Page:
War of the Ivories

Is downtown Minneapolis big enough for two dueling-piano bars?
War of the Ivories

For nearly eight years, the only spot in downtown Minneapolis to watch dueling piano players pound out a Billy Joel ballad was The Shout House. But there’s a new bar in town with smoking ivories.

In December, Howl at the Moon—which operates 13 piano bars nationwide—planted roots at 430 N. First Ave., a stone’s throw from The Shout House in Block E. Its Chicago-based parent, Howl USA, is the “fastest-growing dueling-piano bar operator in the country,” but it has also shuttered several underperforming venues, including one in Scottsdale, Arizona, that was open a mere six months.

The Shout House and Howl follow a similar formula: Two piano players field requests ranging from Journey to Taylor Swift. Guests sing along, shows are punctuated with dance competitions, and the lion’s share of revenues come from alcohol sales. Both clubs also host corporate events.

Molly Lermon, Howl’s sales and events manager, says weekend attendance at the Minneapolis location has doubled during its first few months. The owners of nearby Brothers Bar and Grill own a stake in the club, but being a chain has tangible benefits. “People say, ‘I’ve been to the one in Houston, I’ve been to the one in Chicago,’ ” Lermon explains. “They like that they know our name, and that they know what to expect when they get here.”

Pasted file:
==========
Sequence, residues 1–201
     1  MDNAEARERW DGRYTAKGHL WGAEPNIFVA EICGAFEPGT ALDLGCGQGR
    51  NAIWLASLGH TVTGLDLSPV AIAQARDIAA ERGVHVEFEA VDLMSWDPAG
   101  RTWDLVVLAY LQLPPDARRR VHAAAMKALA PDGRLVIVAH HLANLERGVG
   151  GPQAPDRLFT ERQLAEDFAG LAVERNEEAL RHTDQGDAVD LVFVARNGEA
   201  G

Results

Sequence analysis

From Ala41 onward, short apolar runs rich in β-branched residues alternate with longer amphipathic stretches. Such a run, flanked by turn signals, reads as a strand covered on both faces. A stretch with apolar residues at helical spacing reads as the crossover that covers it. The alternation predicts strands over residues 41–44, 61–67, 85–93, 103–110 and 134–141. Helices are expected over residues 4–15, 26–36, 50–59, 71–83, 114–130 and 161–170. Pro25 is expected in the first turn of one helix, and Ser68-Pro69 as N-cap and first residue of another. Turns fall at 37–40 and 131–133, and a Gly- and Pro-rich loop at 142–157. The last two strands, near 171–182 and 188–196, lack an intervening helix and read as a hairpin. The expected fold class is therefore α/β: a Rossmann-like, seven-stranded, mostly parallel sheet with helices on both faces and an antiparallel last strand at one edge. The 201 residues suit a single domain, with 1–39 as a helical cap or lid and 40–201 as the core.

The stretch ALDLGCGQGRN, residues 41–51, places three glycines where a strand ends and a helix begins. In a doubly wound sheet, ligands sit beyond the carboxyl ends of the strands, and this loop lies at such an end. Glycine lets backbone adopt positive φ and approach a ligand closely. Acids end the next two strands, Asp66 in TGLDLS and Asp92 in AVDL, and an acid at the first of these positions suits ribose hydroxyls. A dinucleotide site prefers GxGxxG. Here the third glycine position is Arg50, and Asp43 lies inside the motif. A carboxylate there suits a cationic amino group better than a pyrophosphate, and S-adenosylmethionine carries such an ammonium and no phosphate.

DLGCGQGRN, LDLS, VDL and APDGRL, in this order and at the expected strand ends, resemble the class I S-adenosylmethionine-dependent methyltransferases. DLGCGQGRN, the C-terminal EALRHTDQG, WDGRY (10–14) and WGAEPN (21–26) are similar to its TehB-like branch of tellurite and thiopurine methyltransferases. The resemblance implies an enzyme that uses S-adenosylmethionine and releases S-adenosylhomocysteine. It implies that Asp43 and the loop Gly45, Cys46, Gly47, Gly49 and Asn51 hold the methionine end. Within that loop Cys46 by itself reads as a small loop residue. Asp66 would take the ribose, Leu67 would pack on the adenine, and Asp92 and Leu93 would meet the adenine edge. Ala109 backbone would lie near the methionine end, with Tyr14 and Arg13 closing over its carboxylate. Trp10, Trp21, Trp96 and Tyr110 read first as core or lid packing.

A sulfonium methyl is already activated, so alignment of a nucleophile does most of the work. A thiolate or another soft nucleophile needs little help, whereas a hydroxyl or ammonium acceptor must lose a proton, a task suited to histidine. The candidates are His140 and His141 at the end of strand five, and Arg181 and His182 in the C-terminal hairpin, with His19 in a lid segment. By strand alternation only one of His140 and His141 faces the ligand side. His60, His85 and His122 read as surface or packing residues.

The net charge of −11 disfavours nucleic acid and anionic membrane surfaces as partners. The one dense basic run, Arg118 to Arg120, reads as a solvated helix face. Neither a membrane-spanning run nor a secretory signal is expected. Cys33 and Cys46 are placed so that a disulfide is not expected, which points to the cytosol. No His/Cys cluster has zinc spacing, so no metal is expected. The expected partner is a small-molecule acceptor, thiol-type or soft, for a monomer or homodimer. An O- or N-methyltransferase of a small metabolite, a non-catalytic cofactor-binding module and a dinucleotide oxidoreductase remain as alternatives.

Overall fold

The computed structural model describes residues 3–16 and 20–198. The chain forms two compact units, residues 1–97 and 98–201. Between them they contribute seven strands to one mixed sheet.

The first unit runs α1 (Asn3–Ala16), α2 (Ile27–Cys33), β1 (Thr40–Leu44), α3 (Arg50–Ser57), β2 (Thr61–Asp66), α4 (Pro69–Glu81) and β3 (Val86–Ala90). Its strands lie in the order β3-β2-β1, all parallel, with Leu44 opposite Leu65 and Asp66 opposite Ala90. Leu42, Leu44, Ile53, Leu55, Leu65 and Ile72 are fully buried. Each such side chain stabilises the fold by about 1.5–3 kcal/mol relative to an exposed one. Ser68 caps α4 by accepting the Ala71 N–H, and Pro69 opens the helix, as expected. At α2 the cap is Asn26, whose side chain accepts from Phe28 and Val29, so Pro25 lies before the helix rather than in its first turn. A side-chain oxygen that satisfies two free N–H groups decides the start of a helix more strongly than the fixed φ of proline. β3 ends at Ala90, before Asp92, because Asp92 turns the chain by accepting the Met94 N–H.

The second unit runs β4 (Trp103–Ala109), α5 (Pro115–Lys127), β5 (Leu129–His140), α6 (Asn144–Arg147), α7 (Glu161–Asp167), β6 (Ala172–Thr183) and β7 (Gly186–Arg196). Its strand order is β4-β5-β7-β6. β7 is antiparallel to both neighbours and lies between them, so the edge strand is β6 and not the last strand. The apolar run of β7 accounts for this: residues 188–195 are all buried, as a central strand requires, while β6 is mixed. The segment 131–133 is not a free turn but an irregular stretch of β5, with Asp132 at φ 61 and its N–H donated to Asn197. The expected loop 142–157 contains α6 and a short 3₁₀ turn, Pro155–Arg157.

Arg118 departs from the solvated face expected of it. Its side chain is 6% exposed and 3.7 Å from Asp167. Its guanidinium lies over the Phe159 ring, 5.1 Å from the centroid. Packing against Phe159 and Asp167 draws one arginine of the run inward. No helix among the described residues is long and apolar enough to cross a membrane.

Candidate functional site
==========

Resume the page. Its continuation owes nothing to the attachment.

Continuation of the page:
Joe Woods, majority owner of the Minneapolis Shout House, proudly describes his club as “a Minnesota small business.” There are additional locations in California and Arizona, but each is independently owned and operated.

Revenue at Woods’ club has climbed 8 to 12 percent annually since its 2004 inception. It has seen local piano bars come and go, like Little Ditty’s at the Mall of America and a handful of Axel’s Bonfire locations that tried but later dropped the model. (Block E being Block E, it’s worth noting the Shout House’s lease runs through 2014 with two five-year extension options.)

“We’ve been successful during the worst of times, so whatever happens [with Block E], I’m confident that we can continue to grow,” says Woods. “I don’t have plans to go anywhere.”

But can the Warehouse District support two dueling-piano bars? If the weekend lines outside each are any indicator, the answer seems to be “yes.”